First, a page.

Orbital vs Subshells

405318478
Posts: 90
Joined: Sat Jul 20, 2019 12:16 am

Orbital vs Subshells

What is the difference between subshells and orbitals? Many practice questions asked to determine the number of orbitals/subshells from a given set of quantum numbers, for example, "how many orbitals can have the given quantum numbers: n=2, l=1."

I do know that "number of orbitals" = N squared, and "number of subshells" = 2l+1, but what exactly these terms refer to I'm unclear on.

Ashley Kao 1H
Posts: 50
Joined: Thu Jul 25, 2019 12:16 am

Re: Orbital vs Subshells

I believe that an orbital is located within a subshell. Thus, the subshell will be 1s, 2s, 2p, etc. Within the subshell is an orbital which will hold the electrons. This includes the specific location (ex: 1s^1, 1s^2, 2s^1, 2s^2, 2p^1, etc.).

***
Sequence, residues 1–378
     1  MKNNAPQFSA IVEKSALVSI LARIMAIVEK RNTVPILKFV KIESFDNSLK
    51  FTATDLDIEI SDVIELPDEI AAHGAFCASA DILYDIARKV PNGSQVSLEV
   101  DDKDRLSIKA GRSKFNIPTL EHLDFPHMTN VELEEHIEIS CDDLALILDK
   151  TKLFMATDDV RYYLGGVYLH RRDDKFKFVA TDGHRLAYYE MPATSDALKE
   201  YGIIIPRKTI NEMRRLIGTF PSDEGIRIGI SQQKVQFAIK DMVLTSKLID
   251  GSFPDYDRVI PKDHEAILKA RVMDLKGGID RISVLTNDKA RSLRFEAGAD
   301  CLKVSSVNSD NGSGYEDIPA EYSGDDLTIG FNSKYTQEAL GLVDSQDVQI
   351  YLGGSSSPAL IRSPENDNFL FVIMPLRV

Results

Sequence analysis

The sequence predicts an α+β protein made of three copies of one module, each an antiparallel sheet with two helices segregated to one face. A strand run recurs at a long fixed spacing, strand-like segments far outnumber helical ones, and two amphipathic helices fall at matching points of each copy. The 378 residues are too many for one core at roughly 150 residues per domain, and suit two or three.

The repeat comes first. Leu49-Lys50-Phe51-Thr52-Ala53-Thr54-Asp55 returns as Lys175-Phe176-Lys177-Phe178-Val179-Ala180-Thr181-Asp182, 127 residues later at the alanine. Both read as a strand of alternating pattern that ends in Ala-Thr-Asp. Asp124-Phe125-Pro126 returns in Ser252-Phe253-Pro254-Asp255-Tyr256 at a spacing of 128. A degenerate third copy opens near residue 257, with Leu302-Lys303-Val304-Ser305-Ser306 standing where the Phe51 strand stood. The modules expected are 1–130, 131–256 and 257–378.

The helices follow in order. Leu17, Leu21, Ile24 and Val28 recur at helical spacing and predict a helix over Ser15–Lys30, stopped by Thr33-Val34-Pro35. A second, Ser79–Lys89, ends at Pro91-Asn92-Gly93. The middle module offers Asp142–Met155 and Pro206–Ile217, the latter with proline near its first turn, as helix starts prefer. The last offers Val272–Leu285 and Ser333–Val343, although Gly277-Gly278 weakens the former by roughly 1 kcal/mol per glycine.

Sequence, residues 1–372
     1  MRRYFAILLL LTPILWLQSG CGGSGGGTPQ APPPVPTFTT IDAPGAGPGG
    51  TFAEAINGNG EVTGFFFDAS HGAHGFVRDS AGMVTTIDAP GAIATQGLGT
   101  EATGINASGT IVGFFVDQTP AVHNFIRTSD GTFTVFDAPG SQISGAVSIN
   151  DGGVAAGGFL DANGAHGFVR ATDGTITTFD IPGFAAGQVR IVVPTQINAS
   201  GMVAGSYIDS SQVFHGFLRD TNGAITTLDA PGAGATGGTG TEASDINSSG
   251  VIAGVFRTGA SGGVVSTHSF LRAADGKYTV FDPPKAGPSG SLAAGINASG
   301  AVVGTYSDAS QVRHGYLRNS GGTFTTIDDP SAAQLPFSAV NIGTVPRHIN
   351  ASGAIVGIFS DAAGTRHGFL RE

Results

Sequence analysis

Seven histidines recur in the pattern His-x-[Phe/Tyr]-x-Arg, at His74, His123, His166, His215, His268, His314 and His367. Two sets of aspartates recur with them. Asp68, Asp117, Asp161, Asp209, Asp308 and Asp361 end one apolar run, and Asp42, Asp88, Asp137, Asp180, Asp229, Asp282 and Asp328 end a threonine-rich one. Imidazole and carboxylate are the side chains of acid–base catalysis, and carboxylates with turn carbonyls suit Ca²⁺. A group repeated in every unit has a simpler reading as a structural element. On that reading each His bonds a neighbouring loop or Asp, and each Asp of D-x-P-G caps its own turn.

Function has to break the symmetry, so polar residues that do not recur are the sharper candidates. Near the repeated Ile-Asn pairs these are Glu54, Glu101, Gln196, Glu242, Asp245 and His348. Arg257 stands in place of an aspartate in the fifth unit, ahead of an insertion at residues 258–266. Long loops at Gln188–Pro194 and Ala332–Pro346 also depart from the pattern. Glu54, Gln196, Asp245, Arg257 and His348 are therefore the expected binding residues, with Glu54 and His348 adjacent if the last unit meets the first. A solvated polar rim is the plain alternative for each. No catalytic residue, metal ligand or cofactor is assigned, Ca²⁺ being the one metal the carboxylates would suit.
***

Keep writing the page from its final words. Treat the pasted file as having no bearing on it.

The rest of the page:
Jacey Yang 1F
Posts: 101
Joined: Fri Aug 09, 2019 12:17 am

Re: Orbital vs Subshells

Each value of l is a subshell, and within each subshell are orbitals. The magnetic quantum number ml labels individual orbitals.
For example, when l=2, ml= -2,-1,0,1,2 meaning there are 5 d-orbitals.

Christineg1G
Posts: 115
Joined: Fri Aug 09, 2019 12:15 am
Been upvoted: 1 time

Re: Orbital vs Subshells

Orbitals within a shell are divided into subshells that have the same value of the angular quantum number l, which determines which orbital the element is in (s,p,d,or f).
l=0, corresponds to the s orbital, l=1 corresponds to the p orbital, l=2 corresponds to the d orbital, and l=3 corresponds to the f orbital.